Radical feminists on campus, driven by theories about “patriarchy” and “rape culture,” are the new hunter-gatherers, seeking out accusations to prove a theory, not evidence to fairly adjudicate guilt. Hence, any accusation, no matter how improbable, must be treated as presumptively true, thereby ensnaring college men in a net from which it is difficult to escape. Even when found not “responsible” by a campus tribunal, men at Columbia University, for example, are liable to have their names scrawled as perpetrators in bathrooms, on flyers, and online.

That may yet happen with the UVA frat members, as Hanna Rosin at Slate.com notes that their names are circulating:

In the last few days, the names of the fraternity members started to leak out, and many of us began to look up their Facebook pages. I found myself playing the profiling game: Is that the kind of haircut a rapist would have? Are those the kinds of girls he would have hanging all over him? Oh, yeah, that bro is totally a rapist.

The lack of a finding of male culpability in a given case is used as just further proof that the net needs to be tightened, and the hunt pursued with greater vigor.

Mothers, how much longer will you allow your sons to live as hunted people on campus? Must their lives be ruined so that feminist “rape culture” and other theories can be validated in a real-world testing laboratory?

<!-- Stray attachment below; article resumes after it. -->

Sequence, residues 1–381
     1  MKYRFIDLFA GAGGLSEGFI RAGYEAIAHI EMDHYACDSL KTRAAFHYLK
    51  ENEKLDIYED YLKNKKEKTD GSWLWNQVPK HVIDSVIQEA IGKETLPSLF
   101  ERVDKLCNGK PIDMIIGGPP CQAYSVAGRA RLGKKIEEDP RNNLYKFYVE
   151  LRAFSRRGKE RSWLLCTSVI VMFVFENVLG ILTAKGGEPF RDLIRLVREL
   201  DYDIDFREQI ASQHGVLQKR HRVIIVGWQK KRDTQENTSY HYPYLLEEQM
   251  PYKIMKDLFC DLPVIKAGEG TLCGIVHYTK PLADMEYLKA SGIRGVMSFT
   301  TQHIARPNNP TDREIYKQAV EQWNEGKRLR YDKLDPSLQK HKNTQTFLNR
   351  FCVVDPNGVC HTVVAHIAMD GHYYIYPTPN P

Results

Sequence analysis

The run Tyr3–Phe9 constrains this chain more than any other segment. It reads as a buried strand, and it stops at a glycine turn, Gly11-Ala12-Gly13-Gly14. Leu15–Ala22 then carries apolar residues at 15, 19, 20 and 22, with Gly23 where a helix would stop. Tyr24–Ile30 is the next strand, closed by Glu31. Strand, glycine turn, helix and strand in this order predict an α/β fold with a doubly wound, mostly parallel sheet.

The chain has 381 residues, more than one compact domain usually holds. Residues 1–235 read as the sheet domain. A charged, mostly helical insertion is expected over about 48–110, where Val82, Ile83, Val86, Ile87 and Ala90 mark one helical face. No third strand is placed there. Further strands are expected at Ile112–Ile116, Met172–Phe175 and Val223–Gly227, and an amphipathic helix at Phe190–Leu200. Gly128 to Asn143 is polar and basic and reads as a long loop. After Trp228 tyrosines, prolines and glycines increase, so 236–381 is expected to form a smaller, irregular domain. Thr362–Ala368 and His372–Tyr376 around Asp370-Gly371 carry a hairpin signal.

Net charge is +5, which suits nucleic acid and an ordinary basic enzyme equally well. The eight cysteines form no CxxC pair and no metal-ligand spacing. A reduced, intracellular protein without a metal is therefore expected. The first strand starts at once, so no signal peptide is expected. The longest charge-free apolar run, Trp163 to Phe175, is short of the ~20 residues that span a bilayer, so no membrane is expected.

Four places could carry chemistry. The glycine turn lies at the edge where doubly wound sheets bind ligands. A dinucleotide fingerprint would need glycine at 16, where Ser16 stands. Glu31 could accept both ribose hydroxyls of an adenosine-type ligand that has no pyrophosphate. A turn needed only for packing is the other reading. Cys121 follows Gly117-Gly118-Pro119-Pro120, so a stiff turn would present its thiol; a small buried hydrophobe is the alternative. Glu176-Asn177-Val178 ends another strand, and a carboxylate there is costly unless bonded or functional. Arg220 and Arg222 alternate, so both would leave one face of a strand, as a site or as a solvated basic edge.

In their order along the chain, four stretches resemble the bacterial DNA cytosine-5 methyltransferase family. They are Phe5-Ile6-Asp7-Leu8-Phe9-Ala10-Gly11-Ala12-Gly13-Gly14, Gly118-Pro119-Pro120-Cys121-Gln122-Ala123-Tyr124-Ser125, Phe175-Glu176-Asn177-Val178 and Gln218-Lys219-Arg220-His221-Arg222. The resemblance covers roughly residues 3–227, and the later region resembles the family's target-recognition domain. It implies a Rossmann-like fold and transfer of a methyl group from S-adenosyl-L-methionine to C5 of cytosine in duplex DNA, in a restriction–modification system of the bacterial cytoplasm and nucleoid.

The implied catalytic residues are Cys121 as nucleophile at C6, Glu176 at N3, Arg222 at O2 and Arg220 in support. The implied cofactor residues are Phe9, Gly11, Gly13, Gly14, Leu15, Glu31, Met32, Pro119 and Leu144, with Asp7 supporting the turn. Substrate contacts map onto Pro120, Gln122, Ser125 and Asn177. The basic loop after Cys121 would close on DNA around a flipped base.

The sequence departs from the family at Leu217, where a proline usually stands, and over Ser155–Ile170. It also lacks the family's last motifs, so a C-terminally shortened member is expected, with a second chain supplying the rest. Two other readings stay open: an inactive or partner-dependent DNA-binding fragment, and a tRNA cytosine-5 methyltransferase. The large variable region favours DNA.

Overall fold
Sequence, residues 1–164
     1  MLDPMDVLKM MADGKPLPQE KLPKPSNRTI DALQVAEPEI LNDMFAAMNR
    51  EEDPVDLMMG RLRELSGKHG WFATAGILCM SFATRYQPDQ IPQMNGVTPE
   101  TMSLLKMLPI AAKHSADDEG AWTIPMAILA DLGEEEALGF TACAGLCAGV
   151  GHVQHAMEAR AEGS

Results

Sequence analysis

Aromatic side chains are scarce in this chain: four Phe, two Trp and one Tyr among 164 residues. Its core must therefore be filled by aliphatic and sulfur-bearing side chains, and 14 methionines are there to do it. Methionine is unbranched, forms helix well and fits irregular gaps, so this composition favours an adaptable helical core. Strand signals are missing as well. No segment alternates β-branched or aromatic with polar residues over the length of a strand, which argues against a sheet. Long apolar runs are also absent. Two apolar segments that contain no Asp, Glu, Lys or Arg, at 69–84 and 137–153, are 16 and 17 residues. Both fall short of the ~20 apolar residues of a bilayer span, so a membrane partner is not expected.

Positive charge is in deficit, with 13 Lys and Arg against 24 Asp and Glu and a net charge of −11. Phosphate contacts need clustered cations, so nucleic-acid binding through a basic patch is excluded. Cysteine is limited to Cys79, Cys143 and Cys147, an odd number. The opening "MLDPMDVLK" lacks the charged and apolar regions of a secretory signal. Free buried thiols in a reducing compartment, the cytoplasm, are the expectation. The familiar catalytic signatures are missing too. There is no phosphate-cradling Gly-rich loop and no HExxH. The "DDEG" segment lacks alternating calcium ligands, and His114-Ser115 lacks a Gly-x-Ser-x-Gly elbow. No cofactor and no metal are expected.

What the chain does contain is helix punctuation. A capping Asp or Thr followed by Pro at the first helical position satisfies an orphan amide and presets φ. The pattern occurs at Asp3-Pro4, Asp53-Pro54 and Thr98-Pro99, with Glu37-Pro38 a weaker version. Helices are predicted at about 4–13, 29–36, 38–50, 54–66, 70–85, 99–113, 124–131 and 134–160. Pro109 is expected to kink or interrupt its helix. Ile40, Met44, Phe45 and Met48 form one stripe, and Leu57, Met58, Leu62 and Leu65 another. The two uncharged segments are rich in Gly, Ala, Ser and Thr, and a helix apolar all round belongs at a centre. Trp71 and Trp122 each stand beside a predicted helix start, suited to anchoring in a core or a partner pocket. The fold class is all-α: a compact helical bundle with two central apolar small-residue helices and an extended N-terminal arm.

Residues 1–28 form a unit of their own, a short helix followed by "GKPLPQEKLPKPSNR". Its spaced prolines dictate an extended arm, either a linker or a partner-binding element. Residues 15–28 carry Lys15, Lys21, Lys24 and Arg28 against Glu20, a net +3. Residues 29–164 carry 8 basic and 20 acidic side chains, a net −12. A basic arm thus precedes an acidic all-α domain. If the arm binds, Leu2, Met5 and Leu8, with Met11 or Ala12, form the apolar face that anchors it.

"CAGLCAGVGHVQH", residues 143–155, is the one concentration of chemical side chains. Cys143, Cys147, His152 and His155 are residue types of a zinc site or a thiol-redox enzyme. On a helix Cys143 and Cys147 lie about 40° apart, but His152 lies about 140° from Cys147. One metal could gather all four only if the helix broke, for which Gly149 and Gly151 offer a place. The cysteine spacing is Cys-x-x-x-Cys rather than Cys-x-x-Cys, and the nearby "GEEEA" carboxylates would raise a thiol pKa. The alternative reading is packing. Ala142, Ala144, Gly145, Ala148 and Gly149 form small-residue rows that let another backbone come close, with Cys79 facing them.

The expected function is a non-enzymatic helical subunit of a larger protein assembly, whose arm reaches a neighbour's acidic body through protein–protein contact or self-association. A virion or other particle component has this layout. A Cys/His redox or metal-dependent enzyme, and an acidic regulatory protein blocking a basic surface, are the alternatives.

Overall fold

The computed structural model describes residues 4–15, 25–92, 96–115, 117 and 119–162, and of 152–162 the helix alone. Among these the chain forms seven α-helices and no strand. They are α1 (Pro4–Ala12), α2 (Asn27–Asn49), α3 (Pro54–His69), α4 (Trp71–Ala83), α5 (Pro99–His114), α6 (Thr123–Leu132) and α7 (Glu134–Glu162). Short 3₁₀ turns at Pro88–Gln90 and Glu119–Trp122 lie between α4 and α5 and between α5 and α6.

Certainly, some mothers have spoken out, as reported in early August 2014: “Moms band together to protect sons’ due process rights on campus.” The group, Families Advocating for Campus Equality, or FACE, is spearheaded by the mothers of several male students who were falsely accused of sexual assault while at their universities, but even its statement had to be defensive:

The women who have come together to organize FACE are emphatically not anti-women; they are, in fact, self-defined ‘feminists.’ Protecting students — whether male or female, and regardless of sexual orientation or identification — from assault, and the proper and effective prosecution of those who would prey upon them are issues of vital concern to FACE.

However, of equal importance to the women of FACE is our sacred heritage of justice and due process of law. Establishing a system that is fair and impartial, and that affords the accused the rights guaranteed to all citizens by the Bill of Rights is hardly a gender-based issue. Under present circumstances, colleges and universities, while striving to protect alleged victims, colleges and universities are inadvertently creating new victims — the unjustly/falsely accused.